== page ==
FIG. 4 is a graph illustrating the variation in light sensitivity of photosensors of the apparatus with distance from the inspected material, and

FIG. 5 is a section through apparatus in accordance with the invention, modified to inspect liquid pulp.

Referring to FIG. 1 of the drawings, a web 10 of pulp board flows past an inspection head 12 supporting a plurality of phototransistors 14 arranged in a line at right angles to the direction of flow of the pulp board. The head 12 is made up from the requisite number of head units each 130 mm wide and each containing sixteen phototransistors and associated collimating members 16. Each phototransistor views an area of pulp board of approximately 8 mm in width by 0.5 mm, the latter dimension being adjustable. Also mounted on the head 12 are two fluorescent lamps 20 and 22, one on each side of the collimating members 16, and a third fluorescent lamp 24 is positioned beneath the pulp board, in line with the apertures 18 of the collimating members. The lamps 20, 22 and 24, which may be standard one-inch diameter lamps, extend for the required distance across the head, parallel to the row of phototransistors. The head 12 is vertically adjustable, to adjust the separation D between the collimating apertures 18 and the surface of the pulp board 10, and the lower lamp 24 is also vertically adjustable along the optical axis 26.

The pulp board 10 is supported beneath the inspection head 12 on a shoe 28, which has a slit 30, extending beneath the collimating apertures 18, through which light from the lower lamp 24 passes. The shoe is lubricated by dust-free air supplied to a chamber beneath the shoe 28 and escaping through the slit 30. Dust-free air can also be supplied to the head 12 so as to flow over the phototransistors, collimating members and lamps to keep them clean.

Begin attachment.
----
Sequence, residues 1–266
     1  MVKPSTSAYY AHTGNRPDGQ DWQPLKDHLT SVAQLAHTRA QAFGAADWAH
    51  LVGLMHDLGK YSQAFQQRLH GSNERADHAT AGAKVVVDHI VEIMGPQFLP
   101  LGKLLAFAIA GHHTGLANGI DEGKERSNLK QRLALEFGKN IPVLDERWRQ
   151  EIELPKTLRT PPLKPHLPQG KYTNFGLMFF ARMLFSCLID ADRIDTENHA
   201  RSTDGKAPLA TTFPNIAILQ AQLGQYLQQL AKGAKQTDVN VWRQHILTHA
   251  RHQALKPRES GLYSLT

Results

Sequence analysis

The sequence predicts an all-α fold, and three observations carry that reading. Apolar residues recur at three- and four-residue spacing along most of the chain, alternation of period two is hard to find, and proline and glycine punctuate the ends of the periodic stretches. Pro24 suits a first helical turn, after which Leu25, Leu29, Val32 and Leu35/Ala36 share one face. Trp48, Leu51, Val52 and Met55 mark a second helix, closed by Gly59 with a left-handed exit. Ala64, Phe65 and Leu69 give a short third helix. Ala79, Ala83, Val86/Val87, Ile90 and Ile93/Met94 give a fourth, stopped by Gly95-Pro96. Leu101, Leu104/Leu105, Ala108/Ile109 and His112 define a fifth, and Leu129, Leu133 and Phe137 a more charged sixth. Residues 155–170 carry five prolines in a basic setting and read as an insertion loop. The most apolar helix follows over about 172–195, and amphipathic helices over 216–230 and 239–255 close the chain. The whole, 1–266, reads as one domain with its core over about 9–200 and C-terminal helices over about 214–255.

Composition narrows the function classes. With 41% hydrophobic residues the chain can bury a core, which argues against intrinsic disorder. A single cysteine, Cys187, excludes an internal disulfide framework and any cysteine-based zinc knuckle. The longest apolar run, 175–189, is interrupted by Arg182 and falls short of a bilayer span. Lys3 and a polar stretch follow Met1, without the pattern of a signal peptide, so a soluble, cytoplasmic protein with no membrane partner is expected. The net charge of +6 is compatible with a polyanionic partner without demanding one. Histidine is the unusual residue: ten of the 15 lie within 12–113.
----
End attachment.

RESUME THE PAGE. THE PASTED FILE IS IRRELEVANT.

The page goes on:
The collimating members, and other parts of the inspection head may take various forms as shown in the above mentioned British Pat. No. 1,437,951 and are therefore not described further here.

Referring to FIG. 2, the outputs of the phototransistors 14 are amplified and combined in circuitry 30, which includes an array of diodes forming a gating circuit as described in the above mentioned British Pat. No. 1,437,951, to produce an output signal in which the "noise" signal generated by the unblemished board is much reduced. If the output of a sufficient number, say 50, optical units are so combined the resultant "noise" signal effectively becomes a d.c. signal providing an "internal" gate level in the detection circuitry, so that a signal due to a defect in the pulp board rises above this level this "defect" signal can be amplified to any required level for reliable detection.

The output of the circuitry 30 is supplied to an integrator 32 which integrates the signal with respect to time. The output of integrator 32 is supplied to a pulse generator 34 which produces an output pulse P1 whenever the output of the integrator 32 reaches a preset value corresponding to a predetermined e.b.a. level, of say 25 square millimeters. The output pulse P1 is supplied to the integrator 32 to reset the integrator to zero. The pulse P1 is also supplied to a counter 36. The counter 36 is set to zero by a pulse P2 at the end of each load, and the count N in this displayed or printed out by a printer 38. Multiplying the count N by 25 and by a compensating factor F (described below) and dividing by the number of square meters inspected in each load gives the mean e.b.a. per square meter for the load.

Each output pulse P1 of pulse generator 34 is also supplied to two further counters 40 and 42, each of which is arranged to produce an output pulse (P4 or P5) when the count reaches a preset value. The counters 40 and 42 are reset to zero by a pulse P3 which is generated at the start of each 10 meters of travel of the pulp board past the inspection head, that is once for each inspection of 5 square meters of board. Counter 40 is set to produce a pulse P4 when the count reaches a read-out number N1 which corresponds to the e.b.a. limit for first quality pulp board. For example, if the maximum e.b.a. is 5 square millimeters/square meter, N1 is 25. Whenever the count reaches N1 before the end of the 10 meter sampling distance is reached, a pulse P4 is generated, giving an indication that in the measured 10 meter run the e.b.a. was higher than the set limit. Counter 42 similarly has a preset readout number N2, say 125, corresponding to the e.b.a. limit for second grade pulp board.

The pulses P4 and P5 are supplied to alarm circuits 44 and 46 respectively which actuate audible or visual alarms. The alarms may be bells or buzzers of different pitches or lamps or different colour, so that the two alarms can be easily distinguished.

The pulses P4 and P5 are also fed to fourth and fifth counters 48 and 50, which record how many times in each load the e.b.a. limits were exceeded in the 10 meter sampling distances. Counters 48 and 50 are reset to zero at the start of each load change by the pulses P2, and are connected to respective printers 52 and 54 to produce print-outs of the counts at the end of each load.